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Author Topic: MCI MC-9 Tail/Running Light Options?  (Read 1057 times)
Cecil The Diesel
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« on: June 25, 2013, 04:17:47 PM »

My tail light lenses are warped/cracked on my 1982 MC-9, and I would like to replace them and/or upgrade to LED.

I like the look of the round lights and want to keep them if possible just need a source, and some pointers for the LED conversion on a 24v system. Looking to upgrade the running lights on the roof/bodysides as well as the front turn signals.

Has anyone tackled this?
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1982 MCI MC-9 8V71 5 Speed

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Scott Bennett
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« Reply #1 on: June 25, 2013, 04:24:08 PM »

We did. American superlite.



Same on the front too:
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Scott & Heather
1984 MCI9 6V92-turbo with 9 inch roof raise & conversion in progress.
http://www.scottmichaelbennett.com/p/our-bus.html
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Cecil The Diesel
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« Reply #2 on: June 25, 2013, 04:30:59 PM »

Awesome! That looks great. The center light is held in with a round spacer riveted to the housing?
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1982 MCI MC-9 8V71 5 Speed

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Cecil The Diesel
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« Reply #3 on: June 25, 2013, 04:53:38 PM »

What running lights are you using on the roof?
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1982 MCI MC-9 8V71 5 Speed

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« Reply #4 on: June 25, 2013, 04:54:06 PM »

Awesome! That looks great. The center light is held in with a round spacer riveted to the housing?

Yes. Uncle who owns a specialty automotive restoration shop made those rings for me out of 1/8" aluminum.
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Scott & Heather
1984 MCI9 6V92-turbo with 9 inch roof raise & conversion in progress.
http://www.scottmichaelbennett.com/p/our-bus.html
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« Reply #5 on: June 25, 2013, 04:54:58 PM »

What running lights are you using on the roof?

SuperBrightLED's but I do NOT recommend them. They crack. Junk. I know others here feel differently, but I have never seen anything quality come from them.
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Scott & Heather
1984 MCI9 6V92-turbo with 9 inch roof raise & conversion in progress.
http://www.scottmichaelbennett.com/p/our-bus.html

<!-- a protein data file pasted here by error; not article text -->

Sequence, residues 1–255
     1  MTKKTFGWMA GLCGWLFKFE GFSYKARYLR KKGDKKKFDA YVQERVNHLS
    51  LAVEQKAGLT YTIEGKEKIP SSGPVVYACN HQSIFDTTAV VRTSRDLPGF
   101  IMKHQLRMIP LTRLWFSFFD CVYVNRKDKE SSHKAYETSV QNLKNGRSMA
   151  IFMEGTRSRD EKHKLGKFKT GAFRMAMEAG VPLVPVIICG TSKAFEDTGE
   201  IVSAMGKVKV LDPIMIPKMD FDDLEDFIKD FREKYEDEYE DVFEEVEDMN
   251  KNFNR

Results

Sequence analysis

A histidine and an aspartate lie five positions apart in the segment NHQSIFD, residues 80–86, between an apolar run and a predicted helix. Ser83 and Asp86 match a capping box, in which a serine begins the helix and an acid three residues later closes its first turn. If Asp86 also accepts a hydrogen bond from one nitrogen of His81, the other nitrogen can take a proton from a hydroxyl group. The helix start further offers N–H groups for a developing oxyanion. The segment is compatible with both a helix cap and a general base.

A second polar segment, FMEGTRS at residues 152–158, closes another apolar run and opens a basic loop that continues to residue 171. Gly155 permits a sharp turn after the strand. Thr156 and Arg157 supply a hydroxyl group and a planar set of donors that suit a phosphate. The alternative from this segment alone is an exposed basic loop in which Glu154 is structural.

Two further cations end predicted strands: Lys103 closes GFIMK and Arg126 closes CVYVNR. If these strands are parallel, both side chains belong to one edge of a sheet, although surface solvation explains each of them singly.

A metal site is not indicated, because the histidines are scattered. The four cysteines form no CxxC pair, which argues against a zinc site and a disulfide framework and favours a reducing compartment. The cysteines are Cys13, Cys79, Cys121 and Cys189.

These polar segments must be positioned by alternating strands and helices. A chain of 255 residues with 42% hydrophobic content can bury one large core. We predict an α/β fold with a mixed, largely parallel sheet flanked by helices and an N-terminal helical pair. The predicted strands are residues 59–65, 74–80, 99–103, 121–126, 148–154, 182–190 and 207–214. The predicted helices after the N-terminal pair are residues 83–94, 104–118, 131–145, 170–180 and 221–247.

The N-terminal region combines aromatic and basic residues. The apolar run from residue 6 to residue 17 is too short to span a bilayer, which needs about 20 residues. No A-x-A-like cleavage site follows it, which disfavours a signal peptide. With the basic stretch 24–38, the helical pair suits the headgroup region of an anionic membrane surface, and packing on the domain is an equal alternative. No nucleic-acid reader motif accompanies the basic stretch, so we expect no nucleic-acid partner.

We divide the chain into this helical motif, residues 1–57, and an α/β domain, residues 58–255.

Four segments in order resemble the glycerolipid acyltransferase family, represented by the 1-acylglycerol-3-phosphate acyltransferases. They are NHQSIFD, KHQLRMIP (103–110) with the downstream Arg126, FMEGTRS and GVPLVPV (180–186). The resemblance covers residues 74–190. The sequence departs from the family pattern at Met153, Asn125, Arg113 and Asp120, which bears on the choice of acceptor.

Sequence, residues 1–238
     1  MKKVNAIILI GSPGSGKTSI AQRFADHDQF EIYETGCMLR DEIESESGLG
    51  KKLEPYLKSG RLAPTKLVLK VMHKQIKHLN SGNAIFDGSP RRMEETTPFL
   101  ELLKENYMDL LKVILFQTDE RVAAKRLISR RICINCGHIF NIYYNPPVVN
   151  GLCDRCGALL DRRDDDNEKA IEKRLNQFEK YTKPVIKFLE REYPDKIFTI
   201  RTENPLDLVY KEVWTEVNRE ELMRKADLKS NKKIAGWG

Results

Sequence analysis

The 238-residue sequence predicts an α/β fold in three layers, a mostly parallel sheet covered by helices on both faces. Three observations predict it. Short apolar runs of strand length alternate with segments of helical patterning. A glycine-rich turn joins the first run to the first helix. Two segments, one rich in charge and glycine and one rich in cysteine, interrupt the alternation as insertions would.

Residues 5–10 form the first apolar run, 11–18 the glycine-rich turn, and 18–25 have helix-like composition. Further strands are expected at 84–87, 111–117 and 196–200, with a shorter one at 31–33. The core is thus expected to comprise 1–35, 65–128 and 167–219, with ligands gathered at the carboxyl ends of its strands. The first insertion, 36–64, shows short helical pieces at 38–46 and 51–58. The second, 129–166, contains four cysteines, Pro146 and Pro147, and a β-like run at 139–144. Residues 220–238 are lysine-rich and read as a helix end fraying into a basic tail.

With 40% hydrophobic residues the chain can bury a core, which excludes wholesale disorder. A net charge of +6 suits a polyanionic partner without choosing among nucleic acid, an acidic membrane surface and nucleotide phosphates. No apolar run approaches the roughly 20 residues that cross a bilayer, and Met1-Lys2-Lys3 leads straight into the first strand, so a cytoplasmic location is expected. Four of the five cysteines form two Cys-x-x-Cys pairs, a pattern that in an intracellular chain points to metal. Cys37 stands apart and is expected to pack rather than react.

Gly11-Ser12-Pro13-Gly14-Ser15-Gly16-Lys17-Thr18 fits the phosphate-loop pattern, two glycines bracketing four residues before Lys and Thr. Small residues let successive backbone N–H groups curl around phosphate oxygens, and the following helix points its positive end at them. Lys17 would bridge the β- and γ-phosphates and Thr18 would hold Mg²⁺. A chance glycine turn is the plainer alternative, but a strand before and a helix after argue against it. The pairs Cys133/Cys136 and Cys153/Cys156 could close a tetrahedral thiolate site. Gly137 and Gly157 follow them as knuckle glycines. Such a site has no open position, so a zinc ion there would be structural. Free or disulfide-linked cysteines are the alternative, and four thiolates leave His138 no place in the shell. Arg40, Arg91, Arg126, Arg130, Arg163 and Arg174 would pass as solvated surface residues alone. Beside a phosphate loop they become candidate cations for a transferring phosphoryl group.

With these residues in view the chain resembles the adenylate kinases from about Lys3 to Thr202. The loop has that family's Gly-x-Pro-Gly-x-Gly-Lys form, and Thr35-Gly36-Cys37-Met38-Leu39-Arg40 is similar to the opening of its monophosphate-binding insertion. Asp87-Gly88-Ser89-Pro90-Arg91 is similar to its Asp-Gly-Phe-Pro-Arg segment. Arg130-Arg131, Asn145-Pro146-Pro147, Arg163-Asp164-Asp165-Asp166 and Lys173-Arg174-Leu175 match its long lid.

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Bill B /bus
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« Reply #6 on: June 25, 2013, 06:01:05 PM »

Sorry Scott but we have used Superbright LED's as a source for three or four buses.

The taillights are easy to run 12V assemblies. Since you will eventually tow the TOAD then convert to 12V lighting by using 24V coil relays. Each relay coil is supplied with the 24V signal from the rear electrical panel. Apply 12V to the #86 pin, output will be on pin 87 when the coil is energized by the 24V signal. You will need four relays. Five, if you want backup lights through a relay. Use a plastic electrical box to mount the relay, circuit breakers and terminal assembly. You will need to run wire from the signal source for each circuit to the coil pin(30) on the relay. Other side of the coil pin (31) goes to ground. Next a wire from 12V supply to the circuit breakers, with
LED's a AWG12 will be sufficient. Each circuit breaker will be wired to pin 86. From pin 87 the wire goes to the light assembly.

Using the left turn circuit wire to the coil pin 30. Pin 87 provides the 12V flashing for the new LED and the TOAD.

Using terminal stripes allows easy wiring and troubleshooting. For instance the right turn signal doesn't blink during pretrip inspection. (No, don't tell me you don't walk around while air pressure is coming up to verify that nothing is pouring out on the ground and the lights all work.) Using a testlight (dual voltage from NAPA maybe $12) you check that the signal side is blinking and 12V is available and you don't hear or feel the relay clicking you reach into your spare parts, remove a 24V coil cube relay and replace the failed one. Now the right turn signal blinks and you spent maybe 5 mins on the fix.

The marker/running lights require the addition of a approx 700 ohm resistor in series with one lead of the fixture. My preference is the positive lead. Electrically it  makes no difference but I feel better.

So  now all the lights are easily available 12V assemblies. Well, except for the headlights which are either 24V or the MCI screwball balance line with 12V lamps in a 24V bus. Fix is simple procure one old style floor mounted headlamp dimmer switch. Use the existing 24V road lights relay to to control a 24V coil heavy duty relay. Its a round can type with four studs, two big copper and two small. The big ones are for power in and out. The two small ones are for the coil power in and out to ground.  Wire 12V through a circuit breaker to the relay. Power out lead goes to the dimmer switch. Outputs from the dimmer switch go to low beam and high beam. You'll have to find the correct wires in your electrical panel. About two days work to convert everything to 12V with LED's and fixing the headlights another day.